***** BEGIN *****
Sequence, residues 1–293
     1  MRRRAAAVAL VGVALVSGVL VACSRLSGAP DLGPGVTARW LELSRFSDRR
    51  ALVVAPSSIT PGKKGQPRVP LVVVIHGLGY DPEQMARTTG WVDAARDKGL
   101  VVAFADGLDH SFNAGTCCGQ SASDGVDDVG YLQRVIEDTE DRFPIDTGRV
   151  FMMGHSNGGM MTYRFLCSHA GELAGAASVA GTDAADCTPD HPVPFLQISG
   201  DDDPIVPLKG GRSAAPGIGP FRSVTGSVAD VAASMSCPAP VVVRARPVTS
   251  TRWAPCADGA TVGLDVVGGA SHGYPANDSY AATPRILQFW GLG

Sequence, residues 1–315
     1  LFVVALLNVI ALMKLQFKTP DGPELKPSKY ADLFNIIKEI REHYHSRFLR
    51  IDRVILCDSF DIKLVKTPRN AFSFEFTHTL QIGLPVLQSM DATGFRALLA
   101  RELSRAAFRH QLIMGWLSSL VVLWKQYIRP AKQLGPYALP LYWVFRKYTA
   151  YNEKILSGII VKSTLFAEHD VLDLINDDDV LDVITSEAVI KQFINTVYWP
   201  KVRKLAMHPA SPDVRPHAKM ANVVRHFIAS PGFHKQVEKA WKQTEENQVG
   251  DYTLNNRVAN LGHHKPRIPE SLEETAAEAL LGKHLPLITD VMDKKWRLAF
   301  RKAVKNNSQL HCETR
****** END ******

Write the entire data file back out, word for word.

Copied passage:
Sequence, residues 1–293
     1  MRRRAAAVAL VGVALVSGVL VACSRLSGAP DLGPGVTARW LELSRFSDRR
    51  ALVVAPSSIT PGKKGQPRVP LVVVIHGLGY DPEQMARTTG WVDAARDKGL
   101  VVAFADGLDH SFNAGTCCGQ SASDGVDDVG YLQRVIEDTE DRFPIDTGRV
   151  FMMGHSNGGM MTYRFLCSHA GELAGAASVA GTDAADCTPD HPVPFLQISG
   201  DDDPIVPLKG GRSAAPGIGP FRSVTGSVAD VAASMSCPAP VVVRARPVTS
   251  TRWAPCADGA TVGLDVVGGA SHGYPANDSY AATPRILQFW GLG

Sequence, residues 1–315
     1  LFVVALLNVI ALMKLQFKTP DGPELKPSKY ADLFNIIKEI REHYHSRFLR
    51  IDRVILCDSF DIKLVKTPRN AFSFEFTHTL QIGLPVLQSM DATGFRALLA
   101  RELSRAAFRH QLIMGWLSSL VVLWKQYIRP AKQLGPYALP LYWVFRKYTA
   151  YNEKILSGII VKSTLFAEHD VLDLINDDDV LDVITSEAVI KQFINTVYWP
   201  KVRKLAMHPA SPDVRPHAKM ANVVRHFIAS PGFHKQVEKA WKQTEENQVG
   251  DYTLNNRVAN LGHHKPRIPE SLEETAAEAL LGKHLPLITD VMDKKWRLAF
   301  RKAVKNNSQL HCETR